Illinois Corn: Dealing with Nematodes – Thresholds and Sampling

    Stunted corn caused by a severe population density of corn nematodes. Photo: Travis Faske, University of Arkansas

    Nematodes are roundworms that are extremely abundant in nature.  Nematodes can have many different lifestyles,  from feeding on bacteria, fungi, detritus, and other nematodes, to feeding on hosts such as humans, livestock, and plants.  In field crops we are focused on plant parasitic nematodes.

    These are microscopic roundworms that obtain sustenance from a plant host.  In Illinois, soybeans and soybean cyst nematode (SCN) receive (justifiably) a lot of attention.  However, there are many other nematodes that are parasitic on field crops in the state.

    In this article I will focus on corn nematodes, thresholds, and sampling/analyses, as we are finalizing year three of our statewide corn nematode survey.  Follow up articles will provide specific nematode profiles and management strategies.

    There are several nematodes that can nibble in/on corn roots in Illinois.  Most of these do not cause enough damage to reduce yields, as most corn is highly tolerant to nematode damage; however, some species of nematodes can be extremely damaging.

    Unlike SCN, the majority of corn nematodes are not sedentary, meaning that they do not have a portion of their lifecycle where they set up shop on plant roots.  Rather, they are free living, and often move in and around the root system.  Movement can depend on the species of nematode, soil temperature, soil texture, soil water, and other environmental factors.

    This means that unlike sedentary nematodes, most corn nematodes are moving targets, and consequently, even more difficult to study than SCN.  Soil nematode densities and species vary depending on the aforementioned factors, plant growth stage, depth of sample, and time of year.

    This brings up the first point I’d like to make regarding corn nematodes: sampling and thresholds, for the most part, are ambiguous.  If you look across different nematode testing labs, you will see that damage thresholds vary depending on the facility, state, and soil type.

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    This is in part due to corn nematodes being a moving target vertically and horizontally in the soil profile.  Different species also differ in the amount of damage they can do- sting and needle nematodes for example, are large and cause extensive internal and external damage to roots, and typically a single nematode in a sample is reason for concern.

    Other nematodes, for example spiral and stunt nematodes, can be found at extraordinary numbers and not impact corn productivity.

    The relationship between parasitic nematode quantity and yield impact is further complicated when taking into account the fact that many parasitic nematodes are often found in a single field/sample and that although an individual species may not be at concerning/damaging levels, the collective impact of multiple parasitic species may reduce yields.

    With few exceptions, thresholds for free living plant parasitic nematodes are best guesses, and should be viewed as guidelines, not hard and fast management thresholds.

    The time for sampling corn nematodes is another commonly asked question.  The first thing to keep in mind is that these nematodes feed on roots and we cannot extract cysts/eggs or similar for most species affecting corn.  This means that sampling should occur in fields with actively growing plants.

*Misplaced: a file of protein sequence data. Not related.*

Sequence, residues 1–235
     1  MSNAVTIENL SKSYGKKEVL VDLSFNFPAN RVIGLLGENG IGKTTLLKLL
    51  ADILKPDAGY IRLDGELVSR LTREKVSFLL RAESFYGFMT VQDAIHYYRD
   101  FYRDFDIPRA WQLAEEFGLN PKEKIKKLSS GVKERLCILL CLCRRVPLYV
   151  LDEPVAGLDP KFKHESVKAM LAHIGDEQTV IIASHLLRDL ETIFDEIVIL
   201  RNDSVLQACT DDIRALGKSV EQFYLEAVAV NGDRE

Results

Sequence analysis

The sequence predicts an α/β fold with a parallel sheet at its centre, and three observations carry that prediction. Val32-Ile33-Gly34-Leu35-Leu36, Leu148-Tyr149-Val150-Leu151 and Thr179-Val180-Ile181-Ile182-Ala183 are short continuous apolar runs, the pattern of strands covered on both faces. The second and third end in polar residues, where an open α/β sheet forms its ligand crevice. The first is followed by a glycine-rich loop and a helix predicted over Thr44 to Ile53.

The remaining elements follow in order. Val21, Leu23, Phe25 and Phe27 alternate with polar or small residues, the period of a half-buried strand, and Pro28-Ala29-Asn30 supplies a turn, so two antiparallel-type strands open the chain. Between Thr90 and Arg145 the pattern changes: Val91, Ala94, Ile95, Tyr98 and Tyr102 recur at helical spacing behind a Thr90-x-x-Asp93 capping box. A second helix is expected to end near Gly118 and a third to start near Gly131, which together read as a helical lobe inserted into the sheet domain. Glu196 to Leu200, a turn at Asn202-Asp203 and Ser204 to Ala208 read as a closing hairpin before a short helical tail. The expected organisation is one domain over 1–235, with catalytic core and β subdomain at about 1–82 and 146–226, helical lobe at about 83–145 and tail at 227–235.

Most labs will recommend sampling earlier in the season while plants are still in the vegetative stage of growth.  Smaller plants may be more prone to damage due to nematodes due to the relatively small size of root systems and visual symptoms of damage more pronounced.

    In addition, some nematode species, such as needle and sting nematodes, can move several feet into the soil profile over the course of crop development, and often are missed or not acquired in samples taken later in the season.

    Early in the season these nematodes typically persist in the upper soil profile, as they are feeding on the developing, shallow root systems.  Sampling between V4/7 in general, should give you the best chance of acquiring a fairly representative nematode sample across different soil types.

    Quantification of corn nematodes might differ depending on the methods used as well.  For example, when I ran the nematode assay at Delaware, I ran soil samples on Baermann funnels, which cause the living nematodes to wiggle through filter paper and collect at the bottom of a funnel.

    Only living nematodes are quantified using this technique.  Other labs might use sucrose centrifugation.  This method will separate all nematodes from the soil sample, living and dead, but might not allow nematodes within roots to be quantified.

    The take home here is that you should pick a nematode service and stick with it, as you will not need to take into account differences in extraction and enumeration techniques that exist among different testing facilities.

    Sampling corn fields for parasitic nematodes should include representative areas of the field.  A soil probe should be used to sample a minimum of 20 cores per 40 acres of field.  Plastic ziplock bags or special wax lined paper bags should be used.

    Take cores at an angle through the root zone of the plant at a depth of 6-8 inches.  Avoid sampling mucky/wet soils.  Samples should be double bagged and placed immediately in a cooler on ice in the field.

    Samples can be stored in a fridge for a week or so until they can be dropped off or mailed to your preferred nematode assay service.  Typically you will want to ship samples early in the week to avoid them arriving late on a Friday or over the weekend.




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